In 1975 Moore signed with Buddah Records and released the critically successful R&B album, Peach Melba, which included the minor hit, "I Am His Lady". The following year she scored her first significant hit with the Van McCoy-penned "This Is It", which reached the Billboard Hot 100, the top-20 position on the R&B chart, and top-10 in the UK, becoming her biggest success in that country. 'This is It' also became the number 1 disco track in the UK for that year. It would be 18 years later that Australian singer Dannii Minogue will cover this song and make it to number 10 on the ARIA charts.
In 1976 she scored her third Grammy nomination with the R&B ballad "Lean on Me", which had been recorded originally by Vivian Reed and later by Moore's idol Aretha Franklin who recorded the song as a B-side to her 1971 hit "Spanish Harlem". The song is most notable for Moore's extended long note at the end. In 1983 she re-recorded the song as a tribute to McCoy, who had died four years earlier. Throughout the rest of the 1970s, Moore struggled to match the success of "This Is It" with minor R&B/dance hits. However, her hit 'Pick me up I'll dance' released in May 1979 produced by McFadden & Whitehead and released on Epic Records did have considerable UK disco success, reaching UK chart position 48, along with a further hit that same year, also produced by McFadden & Whitehead with a cover version of the Bee Gees' hit "You Stepped Into My Life", which reached the top 20 on the R&B charts and 47 on the Billboard Hot 100.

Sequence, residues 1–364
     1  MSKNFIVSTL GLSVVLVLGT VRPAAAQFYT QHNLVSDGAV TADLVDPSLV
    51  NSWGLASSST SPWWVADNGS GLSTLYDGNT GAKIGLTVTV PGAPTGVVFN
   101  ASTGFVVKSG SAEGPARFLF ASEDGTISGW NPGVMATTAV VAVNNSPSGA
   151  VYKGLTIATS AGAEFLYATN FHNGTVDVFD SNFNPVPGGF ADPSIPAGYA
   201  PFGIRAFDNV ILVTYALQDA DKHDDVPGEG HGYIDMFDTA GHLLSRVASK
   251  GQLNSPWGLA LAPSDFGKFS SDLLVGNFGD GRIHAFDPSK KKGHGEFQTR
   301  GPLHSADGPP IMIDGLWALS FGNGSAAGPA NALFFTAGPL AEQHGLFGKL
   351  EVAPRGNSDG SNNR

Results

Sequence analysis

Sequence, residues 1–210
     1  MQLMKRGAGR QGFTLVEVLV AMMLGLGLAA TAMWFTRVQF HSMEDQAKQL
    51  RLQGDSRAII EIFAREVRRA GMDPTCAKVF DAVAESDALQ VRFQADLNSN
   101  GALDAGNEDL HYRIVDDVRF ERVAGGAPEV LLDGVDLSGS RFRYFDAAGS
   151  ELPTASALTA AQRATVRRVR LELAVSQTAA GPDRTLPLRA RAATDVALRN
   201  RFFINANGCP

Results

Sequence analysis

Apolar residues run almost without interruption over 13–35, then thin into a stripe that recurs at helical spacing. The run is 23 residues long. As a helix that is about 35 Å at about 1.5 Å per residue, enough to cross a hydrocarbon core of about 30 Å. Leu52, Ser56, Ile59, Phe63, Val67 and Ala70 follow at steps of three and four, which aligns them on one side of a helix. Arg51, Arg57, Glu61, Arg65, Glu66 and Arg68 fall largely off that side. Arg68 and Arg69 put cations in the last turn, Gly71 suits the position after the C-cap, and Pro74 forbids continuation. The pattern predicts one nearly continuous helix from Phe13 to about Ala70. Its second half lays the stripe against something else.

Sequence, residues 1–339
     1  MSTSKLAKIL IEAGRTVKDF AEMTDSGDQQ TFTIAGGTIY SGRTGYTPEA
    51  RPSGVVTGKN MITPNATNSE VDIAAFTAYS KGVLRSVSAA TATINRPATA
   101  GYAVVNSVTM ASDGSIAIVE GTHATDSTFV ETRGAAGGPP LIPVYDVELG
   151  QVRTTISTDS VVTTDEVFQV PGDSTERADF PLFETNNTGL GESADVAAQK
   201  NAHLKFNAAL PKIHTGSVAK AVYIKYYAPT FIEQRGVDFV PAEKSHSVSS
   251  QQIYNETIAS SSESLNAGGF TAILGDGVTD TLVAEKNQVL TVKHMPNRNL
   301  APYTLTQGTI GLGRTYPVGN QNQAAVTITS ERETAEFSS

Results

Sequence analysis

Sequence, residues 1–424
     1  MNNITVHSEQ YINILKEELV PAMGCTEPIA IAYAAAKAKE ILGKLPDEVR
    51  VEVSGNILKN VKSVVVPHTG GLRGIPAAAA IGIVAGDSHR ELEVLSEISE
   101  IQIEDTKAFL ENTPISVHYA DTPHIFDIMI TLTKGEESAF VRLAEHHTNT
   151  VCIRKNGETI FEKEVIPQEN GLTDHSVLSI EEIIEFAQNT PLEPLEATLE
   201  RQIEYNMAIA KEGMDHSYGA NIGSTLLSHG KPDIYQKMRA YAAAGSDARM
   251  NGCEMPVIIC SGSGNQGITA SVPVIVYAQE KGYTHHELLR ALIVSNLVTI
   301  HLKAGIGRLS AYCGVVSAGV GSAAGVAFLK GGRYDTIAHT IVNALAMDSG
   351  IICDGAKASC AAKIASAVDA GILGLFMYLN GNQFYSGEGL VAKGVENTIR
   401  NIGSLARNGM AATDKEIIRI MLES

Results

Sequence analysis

In 1981 Moore signed with Capitol Records and reached the top 5 on the R&B charts with the dance-pop/funk single "Love's Comin' At Ya", which also hit the top 20 in the UK (on EMI America EA 146) and became a sizable hit in some European countries for its post-disco sound and followed by "Mind Up Tonight", which was another top 40 hit in the UK reaching position number 22. A string of R&B hits followed, including 1983's "Keepin' My Lover Satisfied" and "Love Me Right", 1984's "Livin' For Your Love", 1985's "Read My Lips"—which later won Moore a fourth Grammy nomination for Best Female Rock Vocal Performance, making her just the third black artist after Donna Summer and Michael Jackson to be nominated in the rock category—and 1985's "When You Love Me Like This".